Sony: Help Defend Video Gaming and Sign the Gamer Petition!


197w ago - Entertainment Consumers Association (ECA) President Hal Halpin has extended an invitation to video gamers to sign the Gamer Petition to preserve video gaming in America.

To quote: This winter, the game industry – developers, publishers, retailers, et al – will face the single biggest legal challenge that such entertainment, broadly, has ever been up against and in the Supreme Court of the United States (SCOTUS).

The State of California had appealed the U.S. Ninth Circuit decision to strike down the so-called CA "video game violence" law in Schwarzenegger v EMA, which every court had done in every such "violent video game" case. But this time was different; For the first time, the U.S. Supreme Court agreed to review the case (via "accepting certiorari" aka "cert").

To be blunt, none of us expected it and we were all taken back by the decision. Just 1% of cases filed are granted cert – one percent!

At stake: gaming in America. Yes, you read that correctly.

California State Senator Leland Yee (D-San Francisco/San Mateo) is the former child psychologist who championed the "violent video game" bill from inception and is coordinating with California Attorney General, Jerry Brown (D-Oakland), and their legal team to muster forces representing the anti-game side.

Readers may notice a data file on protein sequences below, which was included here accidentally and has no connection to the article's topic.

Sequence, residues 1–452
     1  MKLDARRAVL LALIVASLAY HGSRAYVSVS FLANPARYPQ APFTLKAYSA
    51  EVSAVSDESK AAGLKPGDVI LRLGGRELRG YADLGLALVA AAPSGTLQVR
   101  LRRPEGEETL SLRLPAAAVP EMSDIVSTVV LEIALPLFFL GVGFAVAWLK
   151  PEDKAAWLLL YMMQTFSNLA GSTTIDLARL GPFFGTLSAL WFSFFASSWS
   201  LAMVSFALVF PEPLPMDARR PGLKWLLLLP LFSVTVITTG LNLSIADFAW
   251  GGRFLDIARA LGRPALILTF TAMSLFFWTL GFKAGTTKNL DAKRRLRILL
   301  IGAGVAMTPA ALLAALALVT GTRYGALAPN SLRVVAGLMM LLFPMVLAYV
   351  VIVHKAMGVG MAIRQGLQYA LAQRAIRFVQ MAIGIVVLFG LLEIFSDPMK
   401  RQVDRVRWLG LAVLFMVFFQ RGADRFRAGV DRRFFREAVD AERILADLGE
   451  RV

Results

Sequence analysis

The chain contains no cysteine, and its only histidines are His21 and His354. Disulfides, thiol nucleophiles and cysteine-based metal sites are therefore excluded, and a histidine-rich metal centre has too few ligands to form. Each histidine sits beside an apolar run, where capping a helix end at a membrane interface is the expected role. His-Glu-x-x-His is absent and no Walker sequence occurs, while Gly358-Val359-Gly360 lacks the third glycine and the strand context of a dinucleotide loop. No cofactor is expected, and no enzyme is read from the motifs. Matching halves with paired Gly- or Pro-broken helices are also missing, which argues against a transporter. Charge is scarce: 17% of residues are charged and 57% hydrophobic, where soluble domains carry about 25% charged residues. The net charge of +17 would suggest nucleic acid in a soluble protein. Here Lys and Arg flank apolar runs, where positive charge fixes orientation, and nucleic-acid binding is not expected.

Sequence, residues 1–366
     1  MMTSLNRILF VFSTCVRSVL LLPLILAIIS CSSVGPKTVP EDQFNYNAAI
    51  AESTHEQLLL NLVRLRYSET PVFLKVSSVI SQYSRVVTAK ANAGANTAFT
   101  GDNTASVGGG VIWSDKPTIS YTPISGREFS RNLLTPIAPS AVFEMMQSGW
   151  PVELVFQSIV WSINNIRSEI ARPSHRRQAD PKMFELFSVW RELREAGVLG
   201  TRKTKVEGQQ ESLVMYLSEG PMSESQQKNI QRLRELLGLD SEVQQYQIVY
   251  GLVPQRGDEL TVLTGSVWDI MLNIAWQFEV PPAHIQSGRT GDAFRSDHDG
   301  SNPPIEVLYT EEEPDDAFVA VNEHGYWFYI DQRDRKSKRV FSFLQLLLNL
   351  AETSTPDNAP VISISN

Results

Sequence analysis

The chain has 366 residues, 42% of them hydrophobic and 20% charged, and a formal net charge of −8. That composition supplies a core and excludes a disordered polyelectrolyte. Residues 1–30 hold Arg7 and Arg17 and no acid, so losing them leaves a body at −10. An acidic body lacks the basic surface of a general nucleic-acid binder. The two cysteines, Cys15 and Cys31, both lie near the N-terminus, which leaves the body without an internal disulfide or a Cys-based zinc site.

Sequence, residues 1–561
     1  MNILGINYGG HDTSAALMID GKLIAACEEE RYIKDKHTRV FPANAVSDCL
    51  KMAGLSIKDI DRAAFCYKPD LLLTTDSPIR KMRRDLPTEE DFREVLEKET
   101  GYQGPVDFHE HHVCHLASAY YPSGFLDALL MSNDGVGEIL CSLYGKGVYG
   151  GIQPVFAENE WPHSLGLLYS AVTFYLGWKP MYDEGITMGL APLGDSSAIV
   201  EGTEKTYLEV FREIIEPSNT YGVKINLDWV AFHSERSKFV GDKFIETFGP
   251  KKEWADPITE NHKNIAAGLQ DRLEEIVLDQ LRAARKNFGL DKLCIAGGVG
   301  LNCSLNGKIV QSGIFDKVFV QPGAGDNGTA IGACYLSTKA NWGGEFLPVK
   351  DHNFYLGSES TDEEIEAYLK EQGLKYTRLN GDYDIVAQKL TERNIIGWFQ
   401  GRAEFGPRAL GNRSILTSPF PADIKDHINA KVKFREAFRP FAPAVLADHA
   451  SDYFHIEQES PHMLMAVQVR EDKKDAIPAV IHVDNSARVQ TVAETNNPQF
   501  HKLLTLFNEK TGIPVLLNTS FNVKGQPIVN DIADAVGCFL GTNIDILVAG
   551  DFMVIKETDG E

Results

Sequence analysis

In the pro-games corner are trade associations which represent the corporations which make and sell games and other groups which have skin in the game, such as First Amendment rights organizations.

Both sides have an impressive roster of academics, researchers and legal teams committed to a decisive win. Forget 800-pound gorillas; this is more like armies going to war. And the reason is simple: all legal precedent can go right out the window. The slate is cleaned.

In the time since the Court's announcement there has been a lot of media coverage, both from the enthusiast outlets and the national press. A disturbing theme that you'd find too often in the consumer comments is one of apathy. Perhaps it arose from winning in each of the violence in video game cases.

Maybe because, from our perspective, it's hard to wrap your head around the idea that we could lose – the logic seems pretty obvious. But this is the U.S. Supreme Court, the only court in our country where the Justices don't have to "follow the law" because they make the law that everyone else follows.

And here's the rub, as industry executives will openly admit: a loss wouldn't just be limited to any one demographic, such as minors; or any one area, such as California; or even to any one art form, such as video games.